WERTHEIMER: To showcase the Katy Perry, the Ke$ha?

Mr. GOTTWALD: Yeah. Well, each artist has something special about them. And I try to find whats best in them and find a song that works with it. A lot of times, these artists have their own ideas and it's taking their ideas and sifting through them and finding what I think is going to work, and what we all think is going to work.

(Soundbite of song, "Since You've Been Gone")

Ms. KELLY CLARKSON (Singer): (Singing) Here's the thing. We started out friends. It was cool but it was all pretend. Yeah. Yeah, since you've been gone...

WERTHEIMER: You first big break as a songwriter and a producer was the song that you co-wrote for the former "American Idol" contestant Kelly Clarkson. Im sure many of our listeners will remember this.

(Soundbite of song, "Since You've Been Gone")

Ms. CLARKSON: (Singing) But since you've been gone, I can breathe for the first time. I'm so moving on, yeah. Yeah. Thanks to you, now I get what I want, since you've been gone.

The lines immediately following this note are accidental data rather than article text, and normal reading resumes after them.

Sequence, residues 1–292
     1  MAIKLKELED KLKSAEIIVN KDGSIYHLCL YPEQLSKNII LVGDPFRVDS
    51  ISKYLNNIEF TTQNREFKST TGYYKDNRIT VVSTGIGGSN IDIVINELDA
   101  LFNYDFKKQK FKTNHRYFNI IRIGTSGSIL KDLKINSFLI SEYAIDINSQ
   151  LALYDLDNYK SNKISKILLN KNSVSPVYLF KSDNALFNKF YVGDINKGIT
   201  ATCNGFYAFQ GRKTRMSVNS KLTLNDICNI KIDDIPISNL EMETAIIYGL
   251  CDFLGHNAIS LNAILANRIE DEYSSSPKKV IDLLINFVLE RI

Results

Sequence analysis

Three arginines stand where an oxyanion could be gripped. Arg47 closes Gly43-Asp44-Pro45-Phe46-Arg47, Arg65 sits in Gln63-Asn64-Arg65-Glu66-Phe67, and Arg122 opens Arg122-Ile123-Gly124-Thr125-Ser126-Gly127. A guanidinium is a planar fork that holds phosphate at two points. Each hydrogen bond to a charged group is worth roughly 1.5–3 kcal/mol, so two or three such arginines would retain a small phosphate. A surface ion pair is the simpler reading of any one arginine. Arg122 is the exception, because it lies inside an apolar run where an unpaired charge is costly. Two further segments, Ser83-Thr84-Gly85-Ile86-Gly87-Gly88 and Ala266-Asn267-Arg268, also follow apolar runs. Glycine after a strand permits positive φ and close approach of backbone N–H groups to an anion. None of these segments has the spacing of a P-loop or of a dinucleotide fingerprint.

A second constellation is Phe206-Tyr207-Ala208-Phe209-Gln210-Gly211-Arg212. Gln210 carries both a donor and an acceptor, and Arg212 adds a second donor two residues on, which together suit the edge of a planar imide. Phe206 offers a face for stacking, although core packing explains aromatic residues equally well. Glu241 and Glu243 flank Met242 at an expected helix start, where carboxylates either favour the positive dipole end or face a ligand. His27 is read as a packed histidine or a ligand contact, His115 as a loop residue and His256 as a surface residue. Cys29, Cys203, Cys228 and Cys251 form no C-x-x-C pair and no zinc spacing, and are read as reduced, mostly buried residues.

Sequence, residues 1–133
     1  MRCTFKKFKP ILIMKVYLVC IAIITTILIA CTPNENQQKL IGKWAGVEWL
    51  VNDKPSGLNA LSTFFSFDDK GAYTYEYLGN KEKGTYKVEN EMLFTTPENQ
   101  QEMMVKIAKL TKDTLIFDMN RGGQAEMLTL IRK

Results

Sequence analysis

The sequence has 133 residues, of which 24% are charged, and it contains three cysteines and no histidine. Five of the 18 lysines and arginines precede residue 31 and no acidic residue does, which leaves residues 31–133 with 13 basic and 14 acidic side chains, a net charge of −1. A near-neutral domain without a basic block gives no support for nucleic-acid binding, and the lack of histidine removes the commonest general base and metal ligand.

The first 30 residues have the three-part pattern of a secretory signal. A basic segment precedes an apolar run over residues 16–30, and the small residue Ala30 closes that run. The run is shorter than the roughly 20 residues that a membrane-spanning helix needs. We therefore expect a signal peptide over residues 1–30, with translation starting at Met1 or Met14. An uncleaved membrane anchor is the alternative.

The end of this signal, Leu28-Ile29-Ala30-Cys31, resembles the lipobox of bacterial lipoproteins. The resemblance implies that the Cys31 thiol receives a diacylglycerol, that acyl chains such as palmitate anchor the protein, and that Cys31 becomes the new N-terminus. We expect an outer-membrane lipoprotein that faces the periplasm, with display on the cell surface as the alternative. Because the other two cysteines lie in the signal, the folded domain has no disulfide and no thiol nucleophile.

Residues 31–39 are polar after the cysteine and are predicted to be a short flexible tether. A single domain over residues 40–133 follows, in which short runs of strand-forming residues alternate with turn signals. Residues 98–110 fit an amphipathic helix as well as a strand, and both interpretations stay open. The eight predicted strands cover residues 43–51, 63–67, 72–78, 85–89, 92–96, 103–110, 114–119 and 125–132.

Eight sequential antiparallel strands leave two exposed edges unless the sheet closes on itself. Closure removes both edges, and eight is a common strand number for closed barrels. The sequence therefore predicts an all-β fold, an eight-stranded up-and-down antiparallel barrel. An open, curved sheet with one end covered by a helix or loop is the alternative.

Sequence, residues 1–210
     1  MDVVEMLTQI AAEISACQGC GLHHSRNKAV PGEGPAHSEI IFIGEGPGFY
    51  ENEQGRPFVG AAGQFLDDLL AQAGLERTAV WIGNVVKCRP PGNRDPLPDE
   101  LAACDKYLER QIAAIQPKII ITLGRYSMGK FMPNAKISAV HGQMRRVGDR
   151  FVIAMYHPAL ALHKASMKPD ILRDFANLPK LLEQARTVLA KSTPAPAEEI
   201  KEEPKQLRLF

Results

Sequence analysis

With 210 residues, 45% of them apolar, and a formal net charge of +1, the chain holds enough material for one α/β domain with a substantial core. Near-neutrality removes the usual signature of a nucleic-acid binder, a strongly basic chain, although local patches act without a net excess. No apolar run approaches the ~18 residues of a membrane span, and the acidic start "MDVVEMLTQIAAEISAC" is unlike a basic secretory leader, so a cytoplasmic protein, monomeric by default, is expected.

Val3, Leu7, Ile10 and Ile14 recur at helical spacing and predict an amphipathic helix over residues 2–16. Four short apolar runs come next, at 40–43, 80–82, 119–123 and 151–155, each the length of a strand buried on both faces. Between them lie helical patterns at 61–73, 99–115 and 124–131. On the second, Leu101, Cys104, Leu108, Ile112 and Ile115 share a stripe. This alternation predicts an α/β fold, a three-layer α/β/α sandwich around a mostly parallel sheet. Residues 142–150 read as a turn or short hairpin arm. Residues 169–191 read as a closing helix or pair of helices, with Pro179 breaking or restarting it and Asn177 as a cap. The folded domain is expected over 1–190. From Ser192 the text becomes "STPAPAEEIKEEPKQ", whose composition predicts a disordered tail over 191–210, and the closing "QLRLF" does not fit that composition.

WERTHEIMER: Now, Kelly Clarkson, it's a totally different kind of song from anything that we heard on "American Idol." How were you thinking about Kelly Clarkson and that song?

Mr. GOTTWALD: I wasnt...

(Soundbite of laughter)

Mr. GOTTWALD: ...when we first wrote it because we didnt write it for her. But I think there might been a little bit of a happy accident there. Something about the song in general has a sort of indy guitar kind of feel that wasnt what you'd expect from her. Whats different about it is I think whats good about it and one of the reasons why it worked, it was a surprise.

WERTHEIMER: But it's a breakup song. It's angry. You know, it's like not the persona of Kelly Clarkson that we thought we knew.

Mr. GOTTWALD: Im sorry.

(Soundbite of laughter)

Mr. GOTTWALD: I apologize.

(Soundbite of laughter)

(Soundbite of song, "Who Knew")

PINK (Singer): (Singing) You took my hand. You showed me how. You promised me youd be around. Uh-huh. Thats right...

WERTHEIMER: The notion of who writes the song used to be, it seems to me, a very big deal. I mean for those of us who think back to Bruce Springsteen, for example, it doesnt seem to be quite so important now.